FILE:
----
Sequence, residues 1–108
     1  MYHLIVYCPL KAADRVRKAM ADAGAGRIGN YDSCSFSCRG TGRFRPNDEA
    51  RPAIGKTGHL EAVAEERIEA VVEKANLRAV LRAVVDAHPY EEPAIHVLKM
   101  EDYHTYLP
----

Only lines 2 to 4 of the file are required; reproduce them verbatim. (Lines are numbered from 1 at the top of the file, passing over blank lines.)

     1  MYHLIVYCPL KAADRVRKAM ADAGAGRIGN YDSCSFSCRG TGRFRPNDEA
    51  RPAIGKTGHL EAVAEERIEA VVEKANLRAV LRAVVDAHPY EEPAIHVLKM
   101  EDYHTYLP